It is in this light that the Supreme Court’s reading of Section 377 as constitutionally valid is especially painful, given that after it had failed to protect Indian democracy during the Emergency, it had declared that it would, henceforth, protect the weak and the marginalized. Its refusal to read down the law for what it considers a ‘minuscule’ population, therefore, is deeply inimical to the very spirit of democracy, which is far more than a majority-rule framework and operates on the principle of constitutional morality rather than social morality. Besides, the judgement, while theoretically also criminalizing ‘straight’ non-peno-vaginal sex, fails to consider that the LGBT population seems ‘minuscule’ only because it is a scarcely visible subaltern group, one in constant danger and therefore, most in need of safeguards. While there have been few cases of actual prosecution of people under Section 377 (about 200 in its 150-year history), there are countless instances in which it is repeatedly used to blackmail, extort and abuse LGBT individuals, as in those already enumerated above. The incident of the blatant violation of privacy, and discrimination against Aligarh Muslim University professor Ramachandra Siras (a sting operation replete with cameras was installed in his house to film him having consensual sex with a rickshaw-puller) in 2010, leading to his sacking and eventual suicide, is another case in point. For a further list of cases registered under Section 377, click here. What is particularly startling and frightening is that Section 377 is also being used to hamper with efforts to control the spread of HIV in India, as in a 2001 case in Lucknow where healthcare workers were arrested under it for distributing condoms.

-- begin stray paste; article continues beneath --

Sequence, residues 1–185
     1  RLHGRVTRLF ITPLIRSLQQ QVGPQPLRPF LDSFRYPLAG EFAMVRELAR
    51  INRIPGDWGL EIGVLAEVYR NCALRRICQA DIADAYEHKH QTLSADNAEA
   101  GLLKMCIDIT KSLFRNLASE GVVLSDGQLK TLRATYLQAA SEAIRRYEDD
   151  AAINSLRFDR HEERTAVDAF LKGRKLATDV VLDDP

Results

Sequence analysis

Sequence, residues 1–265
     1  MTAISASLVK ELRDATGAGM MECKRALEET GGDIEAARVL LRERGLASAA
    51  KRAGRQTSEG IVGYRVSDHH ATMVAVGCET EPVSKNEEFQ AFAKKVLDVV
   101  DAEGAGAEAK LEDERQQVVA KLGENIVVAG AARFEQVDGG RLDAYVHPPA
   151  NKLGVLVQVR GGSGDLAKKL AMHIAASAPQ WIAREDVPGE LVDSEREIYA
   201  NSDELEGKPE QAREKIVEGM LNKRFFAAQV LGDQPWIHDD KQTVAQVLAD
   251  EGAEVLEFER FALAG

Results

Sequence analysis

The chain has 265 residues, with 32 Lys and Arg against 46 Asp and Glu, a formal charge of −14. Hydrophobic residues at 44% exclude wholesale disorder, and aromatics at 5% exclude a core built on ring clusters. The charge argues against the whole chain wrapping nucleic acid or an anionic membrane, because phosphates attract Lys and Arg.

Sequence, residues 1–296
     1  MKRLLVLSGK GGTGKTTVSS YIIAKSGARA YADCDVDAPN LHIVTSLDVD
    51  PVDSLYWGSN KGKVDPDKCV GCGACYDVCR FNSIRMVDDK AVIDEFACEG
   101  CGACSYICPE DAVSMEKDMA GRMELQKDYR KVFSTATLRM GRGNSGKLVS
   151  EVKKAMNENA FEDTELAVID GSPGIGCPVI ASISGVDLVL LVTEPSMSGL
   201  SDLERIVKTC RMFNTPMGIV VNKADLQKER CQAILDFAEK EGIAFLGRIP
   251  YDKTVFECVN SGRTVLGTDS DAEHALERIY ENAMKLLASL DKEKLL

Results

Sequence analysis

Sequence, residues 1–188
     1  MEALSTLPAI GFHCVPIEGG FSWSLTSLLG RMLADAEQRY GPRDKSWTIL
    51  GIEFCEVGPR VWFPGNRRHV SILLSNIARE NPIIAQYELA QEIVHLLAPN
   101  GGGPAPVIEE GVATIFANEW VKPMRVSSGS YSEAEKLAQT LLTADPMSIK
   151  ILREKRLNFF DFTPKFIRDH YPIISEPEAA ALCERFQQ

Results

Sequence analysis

Ironically, pre-British India was a lot more inclusive of same-sex relations and even ancient Hindu mythology, in the Khajuraho temple sculptures for instance, or in the Ardhanarishwara myth, accepts homosexual expressions of sexuality as a natural variant. Reading down Section 377, therefore, would actually be in keeping with Indian religious and cultural heritage, rather than an import from the West, as the religious orthodoxy in India would have us believe.
Meanwhile, even in other countries with a history of British colonial rule, and therefore, with similar histories of criminalizing male-male sexual relations, Section 377 and its equivalents are blatantly misused to this day. In Malaysia, for instance, where the law is still in place, the leader of the opposition party, Anwar Ibrahim, was accused by the ruling party of having had ‘’unnatural sex’’ with one of his top aides. Ibrahim was later acquitted by the High Court on the grounds that the evidence was possibly tampered with by the investigating agencies. Similar laws are being used on a daily basis to extort, harass and physically abuse the LGBT communities in other erstwhile British colonies including Pakistan, Bangladesh, Bhutan, Singapore, and a host of African and Caribbean countries. Getting over a colonial hangover is not as easy as getting rid of one’s imperial rulers. Getting rid of Section 377 would, therefore, be an essential step in true decolonization.